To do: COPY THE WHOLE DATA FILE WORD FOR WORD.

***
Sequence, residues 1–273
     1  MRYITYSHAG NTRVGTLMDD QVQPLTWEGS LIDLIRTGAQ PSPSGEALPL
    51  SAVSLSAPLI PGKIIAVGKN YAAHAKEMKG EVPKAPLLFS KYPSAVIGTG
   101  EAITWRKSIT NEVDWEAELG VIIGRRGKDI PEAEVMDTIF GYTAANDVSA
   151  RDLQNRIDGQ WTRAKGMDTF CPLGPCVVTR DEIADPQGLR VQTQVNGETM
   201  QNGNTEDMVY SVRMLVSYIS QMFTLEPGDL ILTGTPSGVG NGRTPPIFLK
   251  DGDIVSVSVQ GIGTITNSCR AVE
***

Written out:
Sequence, residues 1–273
     1  MRYITYSHAG NTRVGTLMDD QVQPLTWEGS LIDLIRTGAQ PSPSGEALPL
    51  SAVSLSAPLI PGKIIAVGKN YAAHAKEMKG EVPKAPLLFS KYPSAVIGTG
   101  EAITWRKSIT NEVDWEAELG VIIGRRGKDI PEAEVMDTIF GYTAANDVSA
   151  RDLQNRIDGQ WTRAKGMDTF CPLGPCVVTR DEIADPQGLR VQTQVNGETM
   201  QNGNTEDMVY SVRMLVSYIS QMFTLEPGDL ILTGTPSGVG NGRTPPIFLK
   251  DGDIVSVSVQ GIGTITNSCR AVE